Developing schools that serve as centers of their communities
is a concept that also has implications for a second important
area of reform in the state of California that embodies the "smart
growth" strategies for urban and regional planning. As supported
by organizations like the Urban Land Institute and the California
Futures Network, these principles address issues impacting the
overall quality of life of all Californians. These principles
are evidenced through a balance between economic prosperity, social
equity and environmental quality. These ends require a long-range
planning strategy to accommodate growth in a way that promotes
prosperous and livable communities; provides better opportunities
for housing and transportation; conserves green space and the
natural environment; and protects California's working farm and
forest lands. Following is a list of the California Futures Network's
"smart growth" principles:
- Plan for the Future: Make government more responsive, effective
and accountable by reforming the system of land-use planning
and public financing.
- Promote Prosperous and Livable Communities: Make existing
communities vital and healthy places for all residents to live,
work and raise a family.
- Provide Better Housing and Transportation Opportunities:
Provide efficient transportation alternatives and a range of
housing choices affordable to all residents, without jeopardizing
farmland, open space and wildlife habitat.
- Conserve Green Space and the Natural Environment: Focus new
development in areas planned for growth while protecting air
and water quality and providing green space for recreation,
water recharge and wildlife.
- Protect California's Agricultural and Forest Lands: Protect
California's farm, range and forest lands from sprawl and the
pressure to convert farmland for development.
One way to achieve these results is to counteract the current
model of sprawl development by focusing more effort on the design
of more livable cities and towns. By concentrating higher density
development in more urban environments, more of the open land
currently being consumed by roadways and housing that are the
products of "suburban sprawl" can be conserved as "greenfields,"
which includes farms, forests and natural habitat.
Over the past thirty years, California's growth pattern has consumed
tremendous quantities of land for sprawling low-density development.
The Central Valley, the nation's most productive and prolific
agricultural region, will be threatened if current sprawling land-use
patterns continue. Already, more than 12 percent of the Valley's
farmland has been paved over. If this pattern of low-density sprawl
continues, the Valley will lose more than one million acres of
farmland by the year 2040, much of it on the best soil for growing
crops. This represents nearly 20 percent of the Valley's remaining
farmland (American Farmland Trust and UC Berkeley). In the meantime,
a significant portion of the California economy stands at risk.
Agriculture is California's number one industry. In 1996, California's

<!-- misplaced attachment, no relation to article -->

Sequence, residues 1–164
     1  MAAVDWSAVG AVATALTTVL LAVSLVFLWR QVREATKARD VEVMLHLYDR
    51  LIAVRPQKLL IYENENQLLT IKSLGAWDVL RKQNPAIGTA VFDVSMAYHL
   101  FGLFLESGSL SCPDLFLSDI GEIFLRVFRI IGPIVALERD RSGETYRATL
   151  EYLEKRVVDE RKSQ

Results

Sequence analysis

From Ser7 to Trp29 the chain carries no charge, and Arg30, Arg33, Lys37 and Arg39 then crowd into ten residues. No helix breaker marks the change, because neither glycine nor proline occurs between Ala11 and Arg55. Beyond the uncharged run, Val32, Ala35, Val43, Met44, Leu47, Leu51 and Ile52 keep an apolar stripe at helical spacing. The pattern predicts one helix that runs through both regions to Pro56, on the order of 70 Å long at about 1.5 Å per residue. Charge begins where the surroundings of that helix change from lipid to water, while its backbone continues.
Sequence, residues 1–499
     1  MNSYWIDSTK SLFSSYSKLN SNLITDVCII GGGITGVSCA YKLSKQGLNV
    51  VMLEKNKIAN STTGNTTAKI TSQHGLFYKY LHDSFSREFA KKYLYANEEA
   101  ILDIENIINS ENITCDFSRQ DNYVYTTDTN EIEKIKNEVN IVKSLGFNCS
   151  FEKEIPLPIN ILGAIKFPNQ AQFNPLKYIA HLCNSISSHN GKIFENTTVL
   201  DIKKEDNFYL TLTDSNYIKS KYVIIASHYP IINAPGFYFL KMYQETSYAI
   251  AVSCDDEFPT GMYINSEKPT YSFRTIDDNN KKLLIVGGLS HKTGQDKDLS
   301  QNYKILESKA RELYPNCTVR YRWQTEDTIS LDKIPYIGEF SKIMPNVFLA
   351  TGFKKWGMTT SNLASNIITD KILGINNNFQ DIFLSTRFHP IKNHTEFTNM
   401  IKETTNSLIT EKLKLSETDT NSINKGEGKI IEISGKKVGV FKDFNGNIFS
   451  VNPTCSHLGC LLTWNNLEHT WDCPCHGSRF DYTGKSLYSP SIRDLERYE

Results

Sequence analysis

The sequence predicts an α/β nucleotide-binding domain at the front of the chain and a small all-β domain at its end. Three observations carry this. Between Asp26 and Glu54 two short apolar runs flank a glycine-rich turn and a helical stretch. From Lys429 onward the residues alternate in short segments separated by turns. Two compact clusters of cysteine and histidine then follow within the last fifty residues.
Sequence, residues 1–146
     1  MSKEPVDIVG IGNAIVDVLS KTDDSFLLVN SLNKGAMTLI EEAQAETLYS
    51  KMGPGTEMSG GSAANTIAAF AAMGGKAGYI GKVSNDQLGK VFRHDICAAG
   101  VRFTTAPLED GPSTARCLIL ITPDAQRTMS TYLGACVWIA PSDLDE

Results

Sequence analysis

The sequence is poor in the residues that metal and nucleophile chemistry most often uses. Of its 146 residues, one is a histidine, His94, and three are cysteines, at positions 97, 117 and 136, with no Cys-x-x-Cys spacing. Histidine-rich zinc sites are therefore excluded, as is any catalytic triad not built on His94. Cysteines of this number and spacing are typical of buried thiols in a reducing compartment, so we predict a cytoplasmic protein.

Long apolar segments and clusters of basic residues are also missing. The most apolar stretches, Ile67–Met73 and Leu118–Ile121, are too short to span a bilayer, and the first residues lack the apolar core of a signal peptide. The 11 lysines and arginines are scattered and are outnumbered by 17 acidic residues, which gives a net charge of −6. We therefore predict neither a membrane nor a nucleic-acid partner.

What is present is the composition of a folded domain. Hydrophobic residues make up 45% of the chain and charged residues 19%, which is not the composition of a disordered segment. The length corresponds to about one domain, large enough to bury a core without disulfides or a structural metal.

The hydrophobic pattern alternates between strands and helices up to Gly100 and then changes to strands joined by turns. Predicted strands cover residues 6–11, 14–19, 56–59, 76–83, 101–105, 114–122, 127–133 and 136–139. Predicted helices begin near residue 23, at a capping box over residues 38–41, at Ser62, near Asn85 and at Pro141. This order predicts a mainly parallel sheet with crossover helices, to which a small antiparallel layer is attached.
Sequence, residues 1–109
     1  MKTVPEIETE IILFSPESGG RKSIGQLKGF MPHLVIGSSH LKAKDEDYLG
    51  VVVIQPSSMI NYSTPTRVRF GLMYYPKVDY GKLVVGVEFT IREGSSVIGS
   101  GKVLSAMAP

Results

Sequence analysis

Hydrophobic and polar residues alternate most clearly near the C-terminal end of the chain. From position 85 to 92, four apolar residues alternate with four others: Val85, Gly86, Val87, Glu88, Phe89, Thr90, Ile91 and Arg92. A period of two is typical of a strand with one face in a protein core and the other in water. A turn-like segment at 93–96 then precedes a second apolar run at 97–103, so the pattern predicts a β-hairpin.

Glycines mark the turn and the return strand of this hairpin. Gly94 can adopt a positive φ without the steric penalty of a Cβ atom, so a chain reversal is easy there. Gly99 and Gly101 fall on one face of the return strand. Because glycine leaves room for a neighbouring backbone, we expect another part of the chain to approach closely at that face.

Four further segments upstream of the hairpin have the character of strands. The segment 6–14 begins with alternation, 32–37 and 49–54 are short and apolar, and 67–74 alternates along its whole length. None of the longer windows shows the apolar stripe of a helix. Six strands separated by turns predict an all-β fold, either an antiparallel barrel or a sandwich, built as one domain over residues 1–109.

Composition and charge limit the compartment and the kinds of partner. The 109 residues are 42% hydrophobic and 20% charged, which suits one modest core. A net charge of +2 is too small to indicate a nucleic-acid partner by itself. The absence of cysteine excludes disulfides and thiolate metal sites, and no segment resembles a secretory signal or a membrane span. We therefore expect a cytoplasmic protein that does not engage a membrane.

agriculture and related food processing industries employed over
500,000 people and generated $75.6 billion in sales (Center for
the Continuing Study of the California Economy). Losing a million
acres of farmland would cost more than $5 billion annually in
lost business for farmers, ranchers, suppliers, processors, and
others involved in agriculture.
From 1970 to 1990, the population of Los Angeles increased by
45 percent while the amount of developed land increased by 300
percent (Diamond and Noonan, Land Use in America). Similar development
in other metropolitan areas has spawned a massive increase in
vehicle trips and vehicle miles traveled by the public, and caused
significant environmental harm. Between 1970 and 1995, the state's
population increased by 60 percent, from 20 to 30 million people,
but the number of vehicle miles traveled (vmt) more than doubled,
from 103 billion to more than 270 billion miles of travel per
year (California Air Resources Board). Overall vmt in the state
is projected to nearly double to 488 billion in the next two decades.
The resulting air pollution not only has public health impacts;
it also affects agriculture by reducing crop yields at an annual
cost of hundreds of millions of dollars.
Sprawling developments consume ever-increasing amounts of land,
with the car and its attendant infrastructureÐstreets and
highways, street parking and parking lots - taking up at least
a third of all developed land. Moreover, this strategy for accommodating
growth produces more traffic congestion and loss of productivity;
air pollution and its environmental and public health impacts;
the loss of open space; the inability of many to reach jobs and
services; and the isolation of children from the elderly among
other social and environmental problems.
Based on these disturbing facts, there is a growing concern that
the traditional means of accommodating growth in California's
population is in need of serious reform.